Summary. When Thomsons gazelles (Gazella thomsoni) detect stalking predators, such as cheetahs (Acinonyx jubatus) and lions (Panthera leo), they often approach and follow the predator for up to 72min (average 14min). Coursing predators are rarely approached. Gazelle groups were more likely to approach cheetahs if the groups were larger, if the vegetation was low, or if the cheetahs came closer to the group. Immature gazelles were more likely to approach than adults, and a higher proportion of group members participated in inspection behaviour in small groups than in large ones. Gazelles approached closer in less risky situations: if they were in larger groups or if the vegetation was low. Inspection behaviour caused cheetahs to move further between rests and between hunting attempts. Approaching cheetahs was risky, particularly for younger gazelles (probability of being killed while inspecting a cheetah was 1 in 5000 approaches for adults and 1 in 417 approaches for half-grown/adolescent gazelles), and the risks were higher than monitoring cheetahs from a distance. The time costs of predator inspection were also considerable (less than 4.2% of daylight time budget), suggesting that the benefits must be substantial to offset these costs. The results suggested that inspection behaviour was multifunctional, causing stalking predators to move out of the vicinity, enabling gazelles to monitor the predators movements, and providing an opportunity, particularly for younger animals, to learn about predators. By approaching, gazelles also inform predators that they have been detected and alert other gazelles to the predators presence.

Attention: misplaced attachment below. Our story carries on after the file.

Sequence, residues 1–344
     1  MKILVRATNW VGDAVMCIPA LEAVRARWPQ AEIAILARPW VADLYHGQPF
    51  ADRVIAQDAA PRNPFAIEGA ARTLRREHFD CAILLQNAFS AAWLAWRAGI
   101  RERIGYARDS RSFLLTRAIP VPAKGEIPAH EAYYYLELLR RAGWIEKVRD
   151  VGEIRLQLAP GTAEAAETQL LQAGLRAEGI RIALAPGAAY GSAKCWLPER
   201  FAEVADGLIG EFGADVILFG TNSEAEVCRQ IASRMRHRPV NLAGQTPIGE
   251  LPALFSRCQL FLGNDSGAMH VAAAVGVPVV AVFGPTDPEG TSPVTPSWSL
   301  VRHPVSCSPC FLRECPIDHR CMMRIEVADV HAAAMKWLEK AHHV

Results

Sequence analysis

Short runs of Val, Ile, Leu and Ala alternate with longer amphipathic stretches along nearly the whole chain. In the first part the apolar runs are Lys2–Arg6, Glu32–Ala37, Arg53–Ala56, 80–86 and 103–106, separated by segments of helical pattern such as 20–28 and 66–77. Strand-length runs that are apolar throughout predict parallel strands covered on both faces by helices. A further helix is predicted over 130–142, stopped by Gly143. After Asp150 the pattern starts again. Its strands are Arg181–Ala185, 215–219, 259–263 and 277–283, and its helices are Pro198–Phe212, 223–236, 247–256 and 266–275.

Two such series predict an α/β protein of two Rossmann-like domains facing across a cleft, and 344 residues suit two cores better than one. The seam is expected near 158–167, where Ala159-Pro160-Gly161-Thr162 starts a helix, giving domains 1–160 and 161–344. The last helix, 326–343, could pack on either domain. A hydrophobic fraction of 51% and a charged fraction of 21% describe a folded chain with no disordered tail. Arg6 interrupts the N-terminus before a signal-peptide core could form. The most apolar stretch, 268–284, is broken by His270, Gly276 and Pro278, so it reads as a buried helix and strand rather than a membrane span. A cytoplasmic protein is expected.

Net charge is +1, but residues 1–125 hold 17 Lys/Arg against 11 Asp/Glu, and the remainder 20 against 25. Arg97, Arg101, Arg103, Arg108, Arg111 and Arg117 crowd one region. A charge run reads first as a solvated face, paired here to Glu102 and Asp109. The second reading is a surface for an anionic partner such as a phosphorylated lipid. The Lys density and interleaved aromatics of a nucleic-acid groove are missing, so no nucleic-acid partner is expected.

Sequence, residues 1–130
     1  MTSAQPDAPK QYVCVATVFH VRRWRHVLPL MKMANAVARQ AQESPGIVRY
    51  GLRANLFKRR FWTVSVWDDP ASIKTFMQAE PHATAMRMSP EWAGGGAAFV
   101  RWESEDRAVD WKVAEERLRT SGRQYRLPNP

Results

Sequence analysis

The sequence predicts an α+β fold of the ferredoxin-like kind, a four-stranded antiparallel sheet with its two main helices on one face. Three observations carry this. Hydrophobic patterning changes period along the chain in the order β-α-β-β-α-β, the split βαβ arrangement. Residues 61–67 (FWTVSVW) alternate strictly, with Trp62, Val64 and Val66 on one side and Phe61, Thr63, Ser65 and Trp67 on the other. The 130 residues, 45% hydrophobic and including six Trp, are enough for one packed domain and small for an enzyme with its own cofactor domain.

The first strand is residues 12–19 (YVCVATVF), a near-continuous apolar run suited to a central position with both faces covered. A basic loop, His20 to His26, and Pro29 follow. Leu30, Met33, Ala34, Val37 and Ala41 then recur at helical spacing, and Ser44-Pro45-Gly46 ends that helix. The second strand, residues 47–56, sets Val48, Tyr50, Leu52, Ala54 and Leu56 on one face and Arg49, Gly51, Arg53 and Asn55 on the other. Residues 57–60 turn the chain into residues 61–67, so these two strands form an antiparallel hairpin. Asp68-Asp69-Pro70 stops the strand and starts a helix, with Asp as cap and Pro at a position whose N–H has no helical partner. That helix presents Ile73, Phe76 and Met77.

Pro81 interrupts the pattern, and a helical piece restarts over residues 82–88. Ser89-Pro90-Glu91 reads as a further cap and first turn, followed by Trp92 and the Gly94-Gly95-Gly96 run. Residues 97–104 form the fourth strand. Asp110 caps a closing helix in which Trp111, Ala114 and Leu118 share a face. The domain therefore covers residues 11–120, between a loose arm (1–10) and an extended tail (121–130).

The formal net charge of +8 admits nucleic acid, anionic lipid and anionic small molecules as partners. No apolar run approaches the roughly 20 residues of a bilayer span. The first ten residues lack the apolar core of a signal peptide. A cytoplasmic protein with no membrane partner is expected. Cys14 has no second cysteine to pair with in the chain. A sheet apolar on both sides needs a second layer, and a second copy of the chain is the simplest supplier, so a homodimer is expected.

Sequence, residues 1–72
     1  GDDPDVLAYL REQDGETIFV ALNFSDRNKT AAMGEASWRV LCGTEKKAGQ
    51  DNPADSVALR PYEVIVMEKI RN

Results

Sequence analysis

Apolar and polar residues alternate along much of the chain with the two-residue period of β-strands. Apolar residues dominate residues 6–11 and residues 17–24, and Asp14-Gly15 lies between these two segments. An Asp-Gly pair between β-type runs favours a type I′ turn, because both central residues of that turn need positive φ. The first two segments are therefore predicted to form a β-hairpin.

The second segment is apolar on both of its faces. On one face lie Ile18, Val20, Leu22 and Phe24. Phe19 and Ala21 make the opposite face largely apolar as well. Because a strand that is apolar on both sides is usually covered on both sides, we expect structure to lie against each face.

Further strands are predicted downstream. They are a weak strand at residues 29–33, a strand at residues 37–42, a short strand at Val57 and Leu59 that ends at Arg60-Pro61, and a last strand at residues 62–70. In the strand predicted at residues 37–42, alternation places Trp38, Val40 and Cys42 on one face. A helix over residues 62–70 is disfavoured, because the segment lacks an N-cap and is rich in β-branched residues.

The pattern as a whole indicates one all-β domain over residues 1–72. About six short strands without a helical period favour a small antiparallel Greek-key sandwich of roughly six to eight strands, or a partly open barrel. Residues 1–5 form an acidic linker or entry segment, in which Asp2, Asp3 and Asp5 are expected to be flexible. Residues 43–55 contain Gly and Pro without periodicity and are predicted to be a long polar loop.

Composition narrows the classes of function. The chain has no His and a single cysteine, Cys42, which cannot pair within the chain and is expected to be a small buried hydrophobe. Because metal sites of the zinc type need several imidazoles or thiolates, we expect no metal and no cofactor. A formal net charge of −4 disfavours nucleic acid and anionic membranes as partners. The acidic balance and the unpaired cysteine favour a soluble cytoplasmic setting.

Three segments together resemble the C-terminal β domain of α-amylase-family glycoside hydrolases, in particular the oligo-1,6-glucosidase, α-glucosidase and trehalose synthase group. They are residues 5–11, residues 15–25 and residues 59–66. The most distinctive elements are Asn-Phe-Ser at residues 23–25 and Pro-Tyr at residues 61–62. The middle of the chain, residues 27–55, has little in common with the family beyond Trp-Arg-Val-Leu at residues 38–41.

Financed by the National Centre for Research and Development under grant No. SP/I/1/77065/10 by the strategic scientific research and experimental development program:
SYNAT - “Interdisciplinary System for Interactive Scientific and Scientific-Technical Information”.